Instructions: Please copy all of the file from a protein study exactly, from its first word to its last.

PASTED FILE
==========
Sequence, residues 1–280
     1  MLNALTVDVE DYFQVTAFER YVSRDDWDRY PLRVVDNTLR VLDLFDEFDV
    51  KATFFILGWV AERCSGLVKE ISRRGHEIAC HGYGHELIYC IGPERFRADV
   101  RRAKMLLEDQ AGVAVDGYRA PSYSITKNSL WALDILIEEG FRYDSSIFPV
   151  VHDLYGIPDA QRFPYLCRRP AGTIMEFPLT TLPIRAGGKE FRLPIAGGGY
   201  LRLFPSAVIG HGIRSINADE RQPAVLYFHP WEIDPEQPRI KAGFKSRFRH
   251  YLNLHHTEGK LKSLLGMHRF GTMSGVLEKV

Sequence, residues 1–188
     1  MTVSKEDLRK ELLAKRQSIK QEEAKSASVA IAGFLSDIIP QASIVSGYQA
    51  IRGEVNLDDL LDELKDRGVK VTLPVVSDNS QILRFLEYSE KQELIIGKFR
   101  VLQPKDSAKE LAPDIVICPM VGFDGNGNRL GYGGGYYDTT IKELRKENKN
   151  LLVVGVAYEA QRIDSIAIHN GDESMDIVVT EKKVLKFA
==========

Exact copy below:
Sequence, residues 1–280
     1  MLNALTVDVE DYFQVTAFER YVSRDDWDRY PLRVVDNTLR VLDLFDEFDV
    51  KATFFILGWV AERCSGLVKE ISRRGHEIAC HGYGHELIYC IGPERFRADV
   101  RRAKMLLEDQ AGVAVDGYRA PSYSITKNSL WALDILIEEG FRYDSSIFPV
   151  VHDLYGIPDA QRFPYLCRRP AGTIMEFPLT TLPIRAGGKE FRLPIAGGGY
   201  LRLFPSAVIG HGIRSINADE RQPAVLYFHP WEIDPEQPRI KAGFKSRFRH
   251  YLNLHHTEGK LKSLLGMHRF GTMSGVLEKV

Sequence, residues 1–188
     1  MTVSKEDLRK ELLAKRQSIK QEEAKSASVA IAGFLSDIIP QASIVSGYQA
    51  IRGEVNLDDL LDELKDRGVK VTLPVVSDNS QILRFLEYSE KQELIIGKFR
   101  VLQPKDSAKE LAPDIVICPM VGFDGNGNRL GYGGGYYDTT IKELRKENKN
   151  LLVVGVAYEA QRIDSIAIHN GDESMDIVVT EKKVLKFA